Norway takes over chairmanship of the Missile Technology Control Regime

Norway is at the forefront of efforts to prevent proliferation of weapons of mass destruction. On 1 October, Norway took over the chairmanship of the international Missile Technology Control Regime.

Norway is at the forefront of efforts to prevent proliferation of weapons of mass destruction. On 1 October, Norway took over the chairmanship of the international Missile Technology Control Regime.  

Norway will chair the Missile Technology Control Regime (MTCR) for the next year. The MTCR is made up of 34 partner countries from every continent. These countries work together to develop high licensing standards to prevent the proliferation of missiles that can deliver weapons of mass destruction. Controlling exports of sensitive goods and technology is non-proliferation in practice. It is therefore important, long-term work that Norway will be leading over the next year. 

The Government actively supports international processes and measures to reduce conflict and thus promote stability and security worldwide. Export control is not always visible but this work is no less important for that reason. 

Norway will have the MTCR chairmanship next year.

The MTCR meeting in Oslo this week will be held against a backdrop of dramatic events that illustrate what a serious threat these weapons represent. We have seen horrific pictures of the effects of chemical weapons used against civilians in Syria. Syria has since signed the Chemical Weapons Convention, and Norway, together with several other countries, has helped to remove and destroy Syria’s declared weapons and equipment. However, we also known that various actors in the Middle East and Asia may have weapons programmes. The fact that North Korea and Iran are developing and have tested missiles that can deliver weapons of mass destruction is cause for considerable concern.

Armed conflict and terrorist attacks feature prominently on the international news. We frequently witness terrible events and suffering as a result of hostilities. Some countries pick and choose when it comes to compliance with international law and commitments. Non-government actors often have little regard for either. This creates huge problems, and makes it particularly important to prevent the proliferation of weapons of mass destruction and missiles that can deliver such weapons.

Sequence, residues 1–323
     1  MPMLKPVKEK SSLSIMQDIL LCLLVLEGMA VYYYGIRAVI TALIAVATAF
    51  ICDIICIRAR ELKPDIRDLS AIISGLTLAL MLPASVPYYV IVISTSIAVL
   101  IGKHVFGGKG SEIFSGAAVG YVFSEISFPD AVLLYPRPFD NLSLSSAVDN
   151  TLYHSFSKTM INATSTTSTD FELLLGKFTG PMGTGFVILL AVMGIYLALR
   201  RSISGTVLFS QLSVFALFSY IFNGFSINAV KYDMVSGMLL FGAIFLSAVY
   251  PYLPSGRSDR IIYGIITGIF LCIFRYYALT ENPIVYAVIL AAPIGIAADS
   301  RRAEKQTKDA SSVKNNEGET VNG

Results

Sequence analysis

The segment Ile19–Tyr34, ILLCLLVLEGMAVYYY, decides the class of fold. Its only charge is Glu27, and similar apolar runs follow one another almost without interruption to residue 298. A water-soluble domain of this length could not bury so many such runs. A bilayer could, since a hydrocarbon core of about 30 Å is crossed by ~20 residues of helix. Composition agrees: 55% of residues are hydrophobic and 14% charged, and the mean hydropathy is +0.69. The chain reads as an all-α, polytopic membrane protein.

Today, the international cooperation on control of trade in sensitive goods and technologies is more important than ever for global and regional stability and security. 

Common export control policy

The multilateral export control regime was established in 1987, when the seven largest Western countries – the G7 – agreed to implement a common export control policy for delivery systems for nuclear weapons. Under Norwegian leadership in 1992, agreement was reached on extending the regime to include all types of weapons of mass destruction, including chemical and biological weapons. This was a historic decision, but it followed a series of tragic events. In 1988, Iraqi forces had used nerve gas against the Kurds in northeast Iraq, killing some 5 000 people. During the Gulf War from 1990 to 19991, Iraq had launched rockets against Saudi Arabia and Israel. There were also reports that certain developing countries had missile capacity and access to chemical and/or biological weapons. 

The MTCR is the only international forum where problems relating to the proliferation of missiles are discussed on a regular basis. The MTCR’s work is an important contribution to international peace and security. It is clear that the responsibility that exporting countries are taking by complying with the regime’s high licensing standards is making it more difficult and more expensive for state proliferators and non-government actors to develop or acquire delivery capacity for weapons of mass destruction. 

The multilateral export control regimes play a key role in the non-proliferation efforts, and it is a priority for Norway to be an active partner in this work to make the world more secure. We can see that export control is having a positive effect, but at the same time we are constantly being reminded that more needs to be done. 

Under Norway’s chairmanship, we will seek to further develop the MTCR as an effective export control and non-proliferation regime. We will give priority to dialogue with non-participating countries, including countries with important transit and trans-shipment facilities. We also attach importance to dialogue with industrial actors and academia on the threats involved when certain types of technology and knowledge fall into the wrong hands.